Vegas and I attended our first Intro to Odor class tonight with Shelley Smith. As I was driving home from work tonight and looking forward to the class I realized it would be the first class Vegas has ever taken other than agility. The class is held at an armory which turned out to be a fantastic location. Tons of space, lots of options for hiding the object/odor, and very convenient for me. Our friend, Andrea, and her Bullmastiff, Brody, are in our class, too!
The first scent we teach the dogs to begin to identify is Birch. The whole concept is allowing the dogs to do what comes naturally - to scent things out. Birch is kind of minty smelling and basically we'll spend quite some time on this odor and pairing it with a treat for the dog to find first. For instance, our first find of the night included three metal tins, each magnetized to a different surface, with the birch odor inside and the treat on the outside. The tins had several holes poked in the face so the odor could be detected. It was really interesting to watch the dogs and for Shelley to narrate some of the dogs' actions. Some seemed to constantly put their nose above the source because the surface it was on allowed the scent to drift upward. It was really cool to see how they would eliminate places the odor was not and hone in on where it might be, and especially to see their head whip around when they started to pass it and then caught a whiff.
Vegas was super excited to come inside on her first search. Of course the others in class had attended the previous six weeks so were accustomed to the people and the location. For V it was the first time and she loves people. After she trotted around greeting people and making them laugh, she got to work. Of course she alternated work with social time. It was interesting though, when I could get her to focus and work, she seemed to find the item fairly quickly. And then she went back to trying to visit.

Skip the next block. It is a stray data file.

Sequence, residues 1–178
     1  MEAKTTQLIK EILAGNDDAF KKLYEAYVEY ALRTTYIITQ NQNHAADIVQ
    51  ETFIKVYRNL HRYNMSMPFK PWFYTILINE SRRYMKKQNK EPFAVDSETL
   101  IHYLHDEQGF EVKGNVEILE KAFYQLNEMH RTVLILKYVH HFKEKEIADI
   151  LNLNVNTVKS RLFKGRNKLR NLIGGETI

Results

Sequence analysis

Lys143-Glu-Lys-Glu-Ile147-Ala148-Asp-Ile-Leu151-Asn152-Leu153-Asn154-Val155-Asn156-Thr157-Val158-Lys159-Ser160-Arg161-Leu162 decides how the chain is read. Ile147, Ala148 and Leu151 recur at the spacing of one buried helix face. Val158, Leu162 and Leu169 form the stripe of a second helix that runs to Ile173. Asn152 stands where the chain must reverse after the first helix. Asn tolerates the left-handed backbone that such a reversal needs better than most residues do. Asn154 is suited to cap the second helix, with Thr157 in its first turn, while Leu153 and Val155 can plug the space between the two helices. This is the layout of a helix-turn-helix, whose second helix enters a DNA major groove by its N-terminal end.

Since the odor is new, the treat was paired with it. For the most part the dogs were probably seeking out the smell of their treat. But, the second they discovered the item they received a ton of praise and plenty of treats with their nose right near the source. This is the beginning of correlating the two together.
Our next search was a doorway search. Instead of heading into the room, the tins were stuck to the lockers in the entryway to the workout room we were in. Even with handlers hanging back in the doorway it was a bit difficult for the dogs to grasp that they weren't to go on into the room and search. Vegas' turn came with quite a bit of commotion with the next class arriving and the next dog barking. She kept trying to go out of the area we were in to see what was going on. And then there was the tail find....
She went from the entryway into the workout room and her tail swooped up along the lockers and sent one of the odor tins flying six or so feet. Everyone got quite a laugh out of that, of course, and it took Shelley several tries to remount the tin to the locker for her to find it. In the end, she was successful in finding all three again despite the level of difficulty in being in an entry way where the odor was allowed to drift and move away from the source so much more easily.
Our instructor was nice enough to give each of us a small, glass vial with a couple of birch scented q-tips so we could practice at home. Hopefully next week we'll begin to see more success and Vegas can settle into the environment and know what is expected.